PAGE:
Many believers today are driven by fear—especially in very theologically conservative groups. Leaders in those groups teach that God is often angry, harsh, and vindictive. And this is easy to believe when we read certain Old Testament stories; for these reasons many believers do have a strong fear of God. And from this misunderstanding of God flow other great fears: the fear of hell, the fear of making a mistake, the fear of being wrong, and the fear of being rejected by God and the church.
When I was part of those groups I had considerable fear, too. But I have since learned there is no reason a believer should ever fear at all and that overcoming fear begins by better understanding God’s character.
There is No Need to Fear God at All
Parts of the Old Testament can really strike the fear of God into you! We read that God destroyed the entire world population in a flood (except Noah’s family) because he was upset with them. We read about strict laws from God that required death for those who did not observe them. Then there are the stories of God ordering the Israelites to exterminate entire nations including women, infants, and livestock.
God did not spare his own people, either. He swallowed Korah’s followers into the depths of the earth, struck Uzzah dead for steadying the ark of the covenant, and heavily punished Israelite kings who displeased him. All this should put the fear of God in us for sure! Except…
Except that God did not do any of these things. Yes, those who wrote the books of the Old Testament said he did, but often they were just trying to explain calamities that occurred or even creating stories about God. They assumed that their God did all these things based on his displeasure. However, their ideas arose from the limitations of their eras and cultures and from their limited understandings of God.
Jesus gives us a much better understanding of God. He taught that God is not angry and vindictive but is instead like a loving Father/Mother. One of Jesus’ followers captures his teaching very well. In 1 John 4 he writes:
If anyone acknowledges that Jesus is the Son of God, God lives in them and they in God. And so we know and rely on the love God has for us. God is love.
There is no fear in love. But perfect love drives out fear, because fear has to do with punishment. The one who fears is not made perfect in love.
His point is that God really loves us and there is no fear in love; this is our true relationship with the Father. Believers should never have a fear of God who loves us.
But Didn’t Jesus Warn Us Specifically to ‘Fear God’?
This common assertion is based on something Jesus said that is found in both Luke 12 and Matthew 10. Luke 12 reports Jesus as saying:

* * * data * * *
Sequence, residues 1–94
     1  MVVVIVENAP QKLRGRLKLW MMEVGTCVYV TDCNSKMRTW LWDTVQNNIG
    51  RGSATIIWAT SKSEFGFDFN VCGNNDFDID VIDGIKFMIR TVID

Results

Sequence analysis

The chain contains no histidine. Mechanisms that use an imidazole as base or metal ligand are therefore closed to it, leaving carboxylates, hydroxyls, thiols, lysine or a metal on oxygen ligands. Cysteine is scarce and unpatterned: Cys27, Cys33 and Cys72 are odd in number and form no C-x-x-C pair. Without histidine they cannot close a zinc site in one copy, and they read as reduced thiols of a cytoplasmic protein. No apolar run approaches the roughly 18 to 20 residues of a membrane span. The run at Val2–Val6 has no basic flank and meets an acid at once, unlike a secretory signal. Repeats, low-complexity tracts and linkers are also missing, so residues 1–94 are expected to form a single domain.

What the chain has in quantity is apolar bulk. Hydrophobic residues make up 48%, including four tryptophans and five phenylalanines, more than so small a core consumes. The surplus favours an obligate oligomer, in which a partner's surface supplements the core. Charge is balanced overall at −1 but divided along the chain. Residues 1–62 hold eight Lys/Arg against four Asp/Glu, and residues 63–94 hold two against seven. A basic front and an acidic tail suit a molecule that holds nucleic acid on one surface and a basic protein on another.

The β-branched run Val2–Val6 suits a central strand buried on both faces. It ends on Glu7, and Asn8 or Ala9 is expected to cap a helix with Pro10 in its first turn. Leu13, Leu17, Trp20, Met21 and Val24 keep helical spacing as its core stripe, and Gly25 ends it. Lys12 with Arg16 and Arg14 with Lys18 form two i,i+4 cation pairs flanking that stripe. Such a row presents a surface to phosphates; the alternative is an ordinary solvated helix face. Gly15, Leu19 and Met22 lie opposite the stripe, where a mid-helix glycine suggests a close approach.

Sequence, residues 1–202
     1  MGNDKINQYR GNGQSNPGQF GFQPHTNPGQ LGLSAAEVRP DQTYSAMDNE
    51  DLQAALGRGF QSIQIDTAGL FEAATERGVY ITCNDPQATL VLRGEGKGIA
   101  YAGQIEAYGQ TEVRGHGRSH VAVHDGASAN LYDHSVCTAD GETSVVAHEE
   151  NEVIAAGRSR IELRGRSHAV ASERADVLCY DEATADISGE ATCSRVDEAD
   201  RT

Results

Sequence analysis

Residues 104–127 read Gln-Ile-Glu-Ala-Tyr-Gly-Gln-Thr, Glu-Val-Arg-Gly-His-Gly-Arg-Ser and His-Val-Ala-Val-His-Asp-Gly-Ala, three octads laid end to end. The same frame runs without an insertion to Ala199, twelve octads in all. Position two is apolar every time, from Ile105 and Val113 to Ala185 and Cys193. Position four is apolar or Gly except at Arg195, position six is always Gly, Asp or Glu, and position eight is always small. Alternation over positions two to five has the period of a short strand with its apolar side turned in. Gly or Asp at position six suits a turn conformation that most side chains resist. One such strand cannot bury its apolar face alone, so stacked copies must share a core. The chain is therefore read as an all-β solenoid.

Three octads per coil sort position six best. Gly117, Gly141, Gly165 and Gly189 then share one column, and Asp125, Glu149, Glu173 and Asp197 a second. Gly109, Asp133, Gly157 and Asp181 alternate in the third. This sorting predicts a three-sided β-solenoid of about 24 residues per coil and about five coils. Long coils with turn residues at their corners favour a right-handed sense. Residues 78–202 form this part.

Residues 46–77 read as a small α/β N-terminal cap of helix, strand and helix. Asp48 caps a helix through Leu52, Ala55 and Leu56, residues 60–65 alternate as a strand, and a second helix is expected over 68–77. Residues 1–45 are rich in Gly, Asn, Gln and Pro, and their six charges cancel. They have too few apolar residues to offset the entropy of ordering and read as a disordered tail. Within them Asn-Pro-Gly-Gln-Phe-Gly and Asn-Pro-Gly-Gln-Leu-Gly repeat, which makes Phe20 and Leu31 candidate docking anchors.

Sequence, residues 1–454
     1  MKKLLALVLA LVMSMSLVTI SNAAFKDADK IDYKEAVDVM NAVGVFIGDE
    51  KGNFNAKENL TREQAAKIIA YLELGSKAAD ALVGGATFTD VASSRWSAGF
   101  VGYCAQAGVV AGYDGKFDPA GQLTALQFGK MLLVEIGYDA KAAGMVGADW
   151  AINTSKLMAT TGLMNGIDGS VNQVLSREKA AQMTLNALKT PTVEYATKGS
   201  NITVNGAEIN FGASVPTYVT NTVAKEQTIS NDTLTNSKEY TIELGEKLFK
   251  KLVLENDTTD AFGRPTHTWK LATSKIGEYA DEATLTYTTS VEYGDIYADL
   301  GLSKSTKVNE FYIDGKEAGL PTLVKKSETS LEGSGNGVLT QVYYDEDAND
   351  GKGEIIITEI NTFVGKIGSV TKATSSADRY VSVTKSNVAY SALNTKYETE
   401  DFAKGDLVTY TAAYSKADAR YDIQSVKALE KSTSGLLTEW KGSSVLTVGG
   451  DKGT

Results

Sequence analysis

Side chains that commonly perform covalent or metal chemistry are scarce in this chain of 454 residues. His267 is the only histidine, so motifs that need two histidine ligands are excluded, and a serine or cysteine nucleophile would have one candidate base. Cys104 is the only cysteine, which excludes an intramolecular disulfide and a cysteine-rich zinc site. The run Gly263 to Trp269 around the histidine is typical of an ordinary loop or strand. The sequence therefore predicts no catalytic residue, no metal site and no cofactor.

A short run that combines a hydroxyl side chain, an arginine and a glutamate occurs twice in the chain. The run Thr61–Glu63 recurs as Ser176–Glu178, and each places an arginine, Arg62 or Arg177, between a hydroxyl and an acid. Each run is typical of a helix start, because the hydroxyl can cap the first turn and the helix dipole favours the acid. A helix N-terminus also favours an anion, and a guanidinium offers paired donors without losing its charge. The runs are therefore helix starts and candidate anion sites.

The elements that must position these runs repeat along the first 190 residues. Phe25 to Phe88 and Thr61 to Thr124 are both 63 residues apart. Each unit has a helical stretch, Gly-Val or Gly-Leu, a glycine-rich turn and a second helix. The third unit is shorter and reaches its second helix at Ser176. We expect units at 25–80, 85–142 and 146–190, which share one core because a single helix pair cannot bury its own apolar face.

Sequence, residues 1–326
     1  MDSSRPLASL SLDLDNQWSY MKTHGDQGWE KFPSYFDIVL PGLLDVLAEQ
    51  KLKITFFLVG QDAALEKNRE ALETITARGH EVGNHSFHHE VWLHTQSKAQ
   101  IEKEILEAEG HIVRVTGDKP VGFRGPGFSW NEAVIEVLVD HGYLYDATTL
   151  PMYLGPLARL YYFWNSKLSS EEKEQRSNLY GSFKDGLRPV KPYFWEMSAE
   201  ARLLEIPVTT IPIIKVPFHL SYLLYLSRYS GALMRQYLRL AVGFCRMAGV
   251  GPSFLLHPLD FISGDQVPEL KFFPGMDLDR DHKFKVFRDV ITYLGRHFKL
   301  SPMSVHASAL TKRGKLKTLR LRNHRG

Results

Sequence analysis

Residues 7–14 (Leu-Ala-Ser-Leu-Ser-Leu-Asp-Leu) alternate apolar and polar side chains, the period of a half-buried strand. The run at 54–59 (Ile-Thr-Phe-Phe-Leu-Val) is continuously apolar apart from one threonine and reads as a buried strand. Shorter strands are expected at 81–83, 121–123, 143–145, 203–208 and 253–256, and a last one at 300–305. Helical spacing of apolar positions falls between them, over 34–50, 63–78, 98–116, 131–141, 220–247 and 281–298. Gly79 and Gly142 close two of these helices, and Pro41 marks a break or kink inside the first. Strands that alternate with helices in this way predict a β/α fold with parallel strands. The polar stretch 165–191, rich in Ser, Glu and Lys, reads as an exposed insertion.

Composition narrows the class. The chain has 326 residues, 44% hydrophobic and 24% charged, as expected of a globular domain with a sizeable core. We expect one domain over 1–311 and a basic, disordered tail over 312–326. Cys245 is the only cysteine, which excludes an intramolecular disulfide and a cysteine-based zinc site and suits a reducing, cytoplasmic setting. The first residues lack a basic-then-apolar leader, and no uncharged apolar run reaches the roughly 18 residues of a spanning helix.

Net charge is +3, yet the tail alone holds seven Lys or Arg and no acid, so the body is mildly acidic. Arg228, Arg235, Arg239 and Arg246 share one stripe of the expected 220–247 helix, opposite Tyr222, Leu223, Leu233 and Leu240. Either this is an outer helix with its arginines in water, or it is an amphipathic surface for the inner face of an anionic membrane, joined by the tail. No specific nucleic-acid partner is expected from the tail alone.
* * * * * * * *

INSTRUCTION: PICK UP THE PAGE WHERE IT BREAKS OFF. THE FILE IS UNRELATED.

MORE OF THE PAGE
I tell you, my friends, do not be afraid of those who kill the body and after that can do no more. But I will show you whom you should fear: Fear him who, after your body has been killed, has authority to throw you into hell [Gehenna]. Yes, I tell you, fear him.
Jesus is talking to his friends (disciples) and warns them about the Pharisees. A moment later he tells them not to fear those who can kill them—probably still having the Pharisees in mind; and, as we know, many of Jesus’ earliest followers were indeed killed by authorities. Jesus says don’t be afraid of them; don’t be intimidated by them; don’t regard them to the extent that you stop sharing the good news.
He goes on to say who they should really ‘fear’ instead of those who threaten them—and that is God. But I don’t think he meant for them to be ‘afraid’ of God but to regard God’s work above the concerns of human threats and intimidation. While the authorities are indeed capable of killing Jesus’ followers, God is able to totally destroy people in Gehenna (hell). Jesus’ does not envision an eternal burning hell but an image of total physical destruction found in the Old Testament that he often uses in hyperbole.
Actually, the charge to ‘fear God’ doesn’t seem to apply so much to the disciples as to the Pharisees themselves. In fact, Jesus immediately tells the disciples of the Father’s tremendous care for them and uses the words ‘Don’t be afraid‘:
Are not five sparrows sold for two pennies? Yet not one of them is forgotten by God. Indeed, the very hairs of your head are all numbered. Don’t be afraid; you are worth more than many sparrows.
So I don’t think this passage should be stripped of its context to teach believers that they should ‘fear God’. This is my message to believers today: There is no need at all for us to fear the Father who loves us.
But What about those Other Four Great Fears?
You might recall that, in addition to fear of God, there are four other great and common fears believers should never have: the fear of hell, the fear of making a mistake, the fear of being wrong, and the fear of being rejected by God and the church. You might well ask, ‘What about those fears?’ Well in this post I have focused on the fear of God because it is the foundation for the other four fears. But they do deserve their own investigations. We will do that next time.
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